The National Ignition Facility (NIF) at Lawrence Livermore National Laboratory (LLNL) is home to the world’s largest and highest-energy laser. The facility is the size of a sports stadium that could fit three football fields. Employees there work on the world’s most precise and reproducible laser beam, which can guide, amplify, reflect and focus 192 laser beams into a target about the size of a pencil eraser in a few billionths of a second. But it was not immune from pandemic-forced changes. Kevin White, IT Technical Lead and Project Manager at NIF, explained in detail two major modifications:
“Mobile has become very important,” White said. Technicians can take a mobile device directly to a field site without having to go into NIF, “saving everybody’s time and energy.” Although NIF already had a mobile implementation, the introduction of field work has also led the facility to make other changes. For instance, inspections are now checklists that allow for one location for technicians to perform work and then system managers to approve it. It provides one place to document everything, White said, reducing and even eliminating paperwork. “Bringing out this field work is really going to change in 2021, and definitely 2022, as it really matures,” White said.
“Videoconferencing has just accelerated the way we do things now and transfer knowledge,” White said. Virtual reality (VR) is also transforming how NIF operates, he said. The two technologies enable subject-matter experts to collaborate with technicians in the field without physically having to be there. A side effect of that is the VR devices are helping improve training, White added. Users can bring up a blueprint on those, record their work and have a good overview of how to perform that work on that particular piece of equipment. “So, bringing on new technicians is a little bit easier because they can actually see what’s going on,” White said.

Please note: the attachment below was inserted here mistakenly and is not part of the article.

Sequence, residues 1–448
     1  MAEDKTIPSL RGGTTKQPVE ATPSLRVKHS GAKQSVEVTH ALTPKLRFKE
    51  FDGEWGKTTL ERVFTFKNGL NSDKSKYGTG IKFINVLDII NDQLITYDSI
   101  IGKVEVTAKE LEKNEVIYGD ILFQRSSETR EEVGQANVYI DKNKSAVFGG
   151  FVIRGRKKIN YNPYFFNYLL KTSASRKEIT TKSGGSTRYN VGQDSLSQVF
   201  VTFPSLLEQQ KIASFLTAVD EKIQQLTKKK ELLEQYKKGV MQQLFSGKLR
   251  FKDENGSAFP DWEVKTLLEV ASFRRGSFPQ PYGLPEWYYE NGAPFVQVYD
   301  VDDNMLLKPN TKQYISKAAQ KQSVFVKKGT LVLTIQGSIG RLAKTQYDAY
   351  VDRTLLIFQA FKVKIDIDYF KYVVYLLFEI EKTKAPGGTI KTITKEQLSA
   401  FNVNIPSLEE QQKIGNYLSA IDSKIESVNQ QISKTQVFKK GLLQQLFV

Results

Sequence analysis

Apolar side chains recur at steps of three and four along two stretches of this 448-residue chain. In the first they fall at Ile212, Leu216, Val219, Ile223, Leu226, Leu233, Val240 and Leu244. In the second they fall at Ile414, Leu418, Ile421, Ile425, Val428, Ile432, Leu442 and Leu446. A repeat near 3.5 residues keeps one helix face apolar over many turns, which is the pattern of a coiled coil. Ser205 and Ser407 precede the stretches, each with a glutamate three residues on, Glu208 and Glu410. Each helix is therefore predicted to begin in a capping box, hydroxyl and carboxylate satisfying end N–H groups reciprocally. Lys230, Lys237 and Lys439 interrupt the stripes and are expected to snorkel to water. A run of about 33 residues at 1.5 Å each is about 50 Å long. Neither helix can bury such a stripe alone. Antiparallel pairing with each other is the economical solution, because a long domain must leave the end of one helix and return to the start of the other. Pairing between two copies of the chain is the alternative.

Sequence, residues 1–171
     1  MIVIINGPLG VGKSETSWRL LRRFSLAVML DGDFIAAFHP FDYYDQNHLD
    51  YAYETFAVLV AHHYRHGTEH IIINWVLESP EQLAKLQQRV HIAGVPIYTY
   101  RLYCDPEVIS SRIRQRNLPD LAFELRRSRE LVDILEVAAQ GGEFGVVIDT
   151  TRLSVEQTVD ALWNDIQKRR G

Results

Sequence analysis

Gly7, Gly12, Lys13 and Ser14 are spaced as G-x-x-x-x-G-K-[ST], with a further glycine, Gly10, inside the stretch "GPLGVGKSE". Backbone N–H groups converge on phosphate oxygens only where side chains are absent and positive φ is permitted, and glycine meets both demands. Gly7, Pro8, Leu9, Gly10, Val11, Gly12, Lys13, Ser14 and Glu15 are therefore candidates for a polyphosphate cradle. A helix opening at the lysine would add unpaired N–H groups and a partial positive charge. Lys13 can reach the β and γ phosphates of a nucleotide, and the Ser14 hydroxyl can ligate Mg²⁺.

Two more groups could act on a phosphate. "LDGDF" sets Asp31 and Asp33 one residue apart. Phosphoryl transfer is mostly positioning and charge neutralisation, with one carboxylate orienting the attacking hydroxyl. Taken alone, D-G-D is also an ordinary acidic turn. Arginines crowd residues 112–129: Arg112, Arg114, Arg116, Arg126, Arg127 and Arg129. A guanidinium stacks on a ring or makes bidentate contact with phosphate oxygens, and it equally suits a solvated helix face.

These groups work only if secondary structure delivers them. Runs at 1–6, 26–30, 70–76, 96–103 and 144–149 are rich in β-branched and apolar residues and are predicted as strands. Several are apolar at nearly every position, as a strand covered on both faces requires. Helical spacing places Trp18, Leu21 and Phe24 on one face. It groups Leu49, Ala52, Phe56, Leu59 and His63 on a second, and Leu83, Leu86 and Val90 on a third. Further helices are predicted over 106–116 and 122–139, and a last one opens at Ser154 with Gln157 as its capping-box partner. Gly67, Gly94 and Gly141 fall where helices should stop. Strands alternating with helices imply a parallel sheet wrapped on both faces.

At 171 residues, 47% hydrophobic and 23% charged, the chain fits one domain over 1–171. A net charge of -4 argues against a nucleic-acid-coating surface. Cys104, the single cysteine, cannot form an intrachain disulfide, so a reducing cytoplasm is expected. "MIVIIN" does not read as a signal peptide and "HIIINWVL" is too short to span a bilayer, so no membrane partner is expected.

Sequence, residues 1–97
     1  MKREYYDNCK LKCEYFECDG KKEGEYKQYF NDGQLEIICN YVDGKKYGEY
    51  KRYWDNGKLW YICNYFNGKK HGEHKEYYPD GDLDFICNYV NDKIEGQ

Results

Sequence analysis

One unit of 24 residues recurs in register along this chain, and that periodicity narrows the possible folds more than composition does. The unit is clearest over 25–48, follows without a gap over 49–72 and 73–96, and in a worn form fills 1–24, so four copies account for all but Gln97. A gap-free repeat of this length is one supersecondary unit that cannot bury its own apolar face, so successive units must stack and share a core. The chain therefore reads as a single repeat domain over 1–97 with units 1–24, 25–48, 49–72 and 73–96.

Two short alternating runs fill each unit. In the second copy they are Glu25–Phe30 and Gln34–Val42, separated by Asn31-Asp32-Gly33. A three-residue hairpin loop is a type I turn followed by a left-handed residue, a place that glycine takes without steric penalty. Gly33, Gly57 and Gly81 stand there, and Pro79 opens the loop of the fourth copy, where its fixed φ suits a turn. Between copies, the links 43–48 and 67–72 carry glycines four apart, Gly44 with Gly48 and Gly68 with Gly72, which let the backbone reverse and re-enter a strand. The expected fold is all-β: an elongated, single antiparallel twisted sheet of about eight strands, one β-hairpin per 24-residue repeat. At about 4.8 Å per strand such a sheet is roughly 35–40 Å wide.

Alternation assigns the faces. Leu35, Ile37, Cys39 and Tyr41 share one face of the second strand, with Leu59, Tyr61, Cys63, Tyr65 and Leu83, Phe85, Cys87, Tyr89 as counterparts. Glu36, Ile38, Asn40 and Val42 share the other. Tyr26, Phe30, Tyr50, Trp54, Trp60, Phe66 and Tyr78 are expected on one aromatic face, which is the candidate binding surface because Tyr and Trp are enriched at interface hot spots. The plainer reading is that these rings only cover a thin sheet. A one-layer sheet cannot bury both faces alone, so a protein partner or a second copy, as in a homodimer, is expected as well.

These changes have led NIF to put a fresh focus on the Internet of Things (IoT) going forward. “Usually we have people walking around the building doing work, just moving around doing things and so you can smell, hear, feel when things are not right,” White said. “Now people are not there, so areas don’t get touched, and so we really need now those IoT devices there to monitor vibration, temperature, humidity changes that you would normally just pick up.”
The trick now is understanding what to do with the data from IoT devices and how often to collect it. For instance, “vibrations take a long time, and things take forever to oscillate. Do you really need to capture every six seconds, every minute, or do you really need a snapshot every five to 10 minutes?” White said. “There may be one or two pieces of equipment that are so sensitive or so safety-related that you really do want to monitor down to smaller time slices, but most equipment you can do 15-minute blocks and average the [minimum and maximum] spikes.”
This article is an excerpt from GovLoop’s recent report, “From Adversity Comes Innovation: How the COVID-19 Pandemic Accelerated Agencies’ Use of Technology.” Download the full report here.